NAIROBI, Kenya, Dec 17 – The World Food Programme (WFP) has appealed for Sh6.3 billion to support more than 435,000 refugees in Kenya between January and June 2021.
The humanitarian agency said the refugees face imminent food shortages unless new funding is secured.
The organization’s Country Director in Kenya, Lauren Landis, pointed out that WFP will need to completely halt all cash transfers starting January and will by March have fully depleted its food stocks.
“WFP is facing a critical shortage of funds to finance food assistance to refugees living in the Daadab and Kakuma camps and in Kalobeyei settlement. We have exhausted all resources and are frankly faced with a life-threatening crisis,” she said.
“We are appealing to our donors to quickly provide new resources to allow us to carry on providing food and cash to the refugees. A disruption of this magnitude to the life-saving refugee operation would be catastrophic,” Landis said.
The funding shortfall has already forced WFP to cut full food rations by more than one-third as of September 2019, compromising refugees’ health and nutrition.
In Daadab and Kakuma camps, WFP provides almost 400,000 refugees with a mix of cash and food, but cash covers about 60 per cent of staple cereals in their food basket.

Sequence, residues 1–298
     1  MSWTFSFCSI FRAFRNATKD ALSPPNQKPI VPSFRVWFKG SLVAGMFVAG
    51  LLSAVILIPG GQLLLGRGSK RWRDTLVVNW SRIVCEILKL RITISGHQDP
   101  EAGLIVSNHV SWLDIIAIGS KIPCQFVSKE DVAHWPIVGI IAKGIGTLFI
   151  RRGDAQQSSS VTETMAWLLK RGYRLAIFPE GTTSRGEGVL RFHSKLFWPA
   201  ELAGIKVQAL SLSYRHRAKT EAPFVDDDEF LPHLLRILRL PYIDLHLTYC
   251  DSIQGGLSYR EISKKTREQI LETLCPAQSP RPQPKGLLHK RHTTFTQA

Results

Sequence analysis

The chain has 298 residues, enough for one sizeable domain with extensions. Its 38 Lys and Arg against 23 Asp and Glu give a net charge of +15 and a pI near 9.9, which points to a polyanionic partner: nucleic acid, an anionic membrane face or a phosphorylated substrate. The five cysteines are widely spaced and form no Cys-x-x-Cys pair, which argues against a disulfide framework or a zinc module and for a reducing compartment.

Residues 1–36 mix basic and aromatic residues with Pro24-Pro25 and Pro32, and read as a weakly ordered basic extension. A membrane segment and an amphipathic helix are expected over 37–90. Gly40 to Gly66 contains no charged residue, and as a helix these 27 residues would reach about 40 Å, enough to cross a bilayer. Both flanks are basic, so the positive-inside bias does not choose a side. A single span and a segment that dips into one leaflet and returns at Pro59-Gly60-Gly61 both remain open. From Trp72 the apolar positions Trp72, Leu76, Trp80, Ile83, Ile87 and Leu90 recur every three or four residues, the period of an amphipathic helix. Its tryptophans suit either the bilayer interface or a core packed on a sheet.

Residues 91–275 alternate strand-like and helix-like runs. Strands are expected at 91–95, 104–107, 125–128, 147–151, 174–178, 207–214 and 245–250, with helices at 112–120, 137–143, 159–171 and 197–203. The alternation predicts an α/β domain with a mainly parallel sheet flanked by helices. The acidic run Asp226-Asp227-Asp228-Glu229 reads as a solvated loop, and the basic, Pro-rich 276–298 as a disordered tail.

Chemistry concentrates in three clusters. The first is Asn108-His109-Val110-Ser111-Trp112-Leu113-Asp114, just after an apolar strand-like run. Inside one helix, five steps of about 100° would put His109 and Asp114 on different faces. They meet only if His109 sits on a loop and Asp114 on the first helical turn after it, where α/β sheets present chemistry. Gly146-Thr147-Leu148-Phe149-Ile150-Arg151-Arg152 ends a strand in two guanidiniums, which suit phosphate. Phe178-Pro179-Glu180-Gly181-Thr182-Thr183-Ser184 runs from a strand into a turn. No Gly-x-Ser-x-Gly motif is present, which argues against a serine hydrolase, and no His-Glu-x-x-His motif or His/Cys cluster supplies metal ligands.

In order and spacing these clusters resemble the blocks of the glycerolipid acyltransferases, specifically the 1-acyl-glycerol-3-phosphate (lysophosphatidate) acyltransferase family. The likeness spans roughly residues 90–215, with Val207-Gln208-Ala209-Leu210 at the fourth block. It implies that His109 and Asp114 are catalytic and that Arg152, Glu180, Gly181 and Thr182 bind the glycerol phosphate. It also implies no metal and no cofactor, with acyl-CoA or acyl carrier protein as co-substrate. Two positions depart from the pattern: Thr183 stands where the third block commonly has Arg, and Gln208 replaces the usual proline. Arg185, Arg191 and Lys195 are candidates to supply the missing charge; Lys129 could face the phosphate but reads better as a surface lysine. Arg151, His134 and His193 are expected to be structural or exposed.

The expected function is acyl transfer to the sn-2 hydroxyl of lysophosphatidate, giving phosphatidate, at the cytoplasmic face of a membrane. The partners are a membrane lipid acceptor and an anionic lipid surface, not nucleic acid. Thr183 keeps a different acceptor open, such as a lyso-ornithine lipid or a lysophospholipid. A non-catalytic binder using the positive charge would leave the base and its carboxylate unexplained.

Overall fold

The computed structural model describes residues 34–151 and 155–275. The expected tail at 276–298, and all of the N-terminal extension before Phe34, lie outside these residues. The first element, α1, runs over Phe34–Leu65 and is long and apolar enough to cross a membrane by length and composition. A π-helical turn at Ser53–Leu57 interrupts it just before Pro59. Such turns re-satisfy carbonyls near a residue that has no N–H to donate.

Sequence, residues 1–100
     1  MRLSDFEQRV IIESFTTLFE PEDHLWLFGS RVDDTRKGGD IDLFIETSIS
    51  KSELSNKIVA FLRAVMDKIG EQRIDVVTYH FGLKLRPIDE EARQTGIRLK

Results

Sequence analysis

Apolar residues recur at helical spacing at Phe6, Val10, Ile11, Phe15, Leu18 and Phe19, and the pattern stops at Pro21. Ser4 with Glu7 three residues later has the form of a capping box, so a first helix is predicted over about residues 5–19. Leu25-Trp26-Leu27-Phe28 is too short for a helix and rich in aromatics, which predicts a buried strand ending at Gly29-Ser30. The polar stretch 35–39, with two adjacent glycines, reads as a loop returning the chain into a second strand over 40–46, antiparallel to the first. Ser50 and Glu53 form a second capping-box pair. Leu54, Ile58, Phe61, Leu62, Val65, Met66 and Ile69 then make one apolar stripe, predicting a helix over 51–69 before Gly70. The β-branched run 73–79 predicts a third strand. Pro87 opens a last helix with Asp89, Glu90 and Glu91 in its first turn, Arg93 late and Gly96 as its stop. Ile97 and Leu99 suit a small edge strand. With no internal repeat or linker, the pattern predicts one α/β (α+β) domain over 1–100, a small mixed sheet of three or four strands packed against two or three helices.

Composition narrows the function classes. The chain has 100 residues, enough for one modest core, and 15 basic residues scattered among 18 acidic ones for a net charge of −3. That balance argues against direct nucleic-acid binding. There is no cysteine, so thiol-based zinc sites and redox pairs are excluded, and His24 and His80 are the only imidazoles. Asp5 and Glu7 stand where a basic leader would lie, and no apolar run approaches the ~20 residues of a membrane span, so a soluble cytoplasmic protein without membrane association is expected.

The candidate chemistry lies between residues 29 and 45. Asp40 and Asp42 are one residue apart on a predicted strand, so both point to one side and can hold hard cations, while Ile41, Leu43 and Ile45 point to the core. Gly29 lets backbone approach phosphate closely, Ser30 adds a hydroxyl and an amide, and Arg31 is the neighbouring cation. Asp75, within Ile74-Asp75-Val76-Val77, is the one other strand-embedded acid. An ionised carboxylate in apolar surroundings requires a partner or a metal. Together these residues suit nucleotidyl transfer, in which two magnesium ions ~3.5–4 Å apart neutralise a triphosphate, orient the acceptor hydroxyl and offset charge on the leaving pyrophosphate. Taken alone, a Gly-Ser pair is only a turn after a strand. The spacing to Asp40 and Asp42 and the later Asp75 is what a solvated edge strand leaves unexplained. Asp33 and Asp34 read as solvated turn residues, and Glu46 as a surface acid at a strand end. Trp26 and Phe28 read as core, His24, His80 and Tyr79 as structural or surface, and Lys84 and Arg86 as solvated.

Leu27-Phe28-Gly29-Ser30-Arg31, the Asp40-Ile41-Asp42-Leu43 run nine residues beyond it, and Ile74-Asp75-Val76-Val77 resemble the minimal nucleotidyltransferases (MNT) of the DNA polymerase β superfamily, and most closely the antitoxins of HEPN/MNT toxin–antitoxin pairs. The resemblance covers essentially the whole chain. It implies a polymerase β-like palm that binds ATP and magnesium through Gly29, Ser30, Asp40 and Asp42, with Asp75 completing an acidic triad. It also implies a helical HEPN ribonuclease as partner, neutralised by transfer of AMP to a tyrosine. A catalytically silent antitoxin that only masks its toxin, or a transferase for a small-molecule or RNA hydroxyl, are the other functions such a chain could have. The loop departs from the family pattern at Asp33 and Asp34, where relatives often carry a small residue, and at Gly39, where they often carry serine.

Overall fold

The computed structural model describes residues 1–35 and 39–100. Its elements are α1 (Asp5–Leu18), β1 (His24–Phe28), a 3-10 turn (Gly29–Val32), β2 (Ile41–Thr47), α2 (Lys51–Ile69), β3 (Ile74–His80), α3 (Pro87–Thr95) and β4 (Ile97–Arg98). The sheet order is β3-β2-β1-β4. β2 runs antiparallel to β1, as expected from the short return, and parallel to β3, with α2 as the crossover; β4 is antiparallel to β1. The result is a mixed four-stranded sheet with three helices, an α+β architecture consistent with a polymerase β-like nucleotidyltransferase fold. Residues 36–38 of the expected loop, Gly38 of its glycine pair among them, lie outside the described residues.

Landis stated that a sharp reduction or complete stop in assistance could have far-reaching consequences on refugees’ health and nutrition as well as on stability and security in the camps and surrounding communities.
She said that the impending food shortage follows other ration cuts over the past two years that have increased child and maternal malnutrition.
WFP commended Kenya for continuing to host refugees and seeking to meet its obligations under the Comprehensive Refugee Response Framework (CRRF), opening up access to local services, providing land and allowing greater integration of refugees with local populations.
The CRRF outlines a commitment of the international community to meet the immediate humanitarian needs of the refugees to ease the burden on Kenya.
Landis asked donors around the world that additional support is needed to support the Kenyan government and its goodwill and to not undermine developmental gains.
Most refugee families rely solely on WFP food to survive.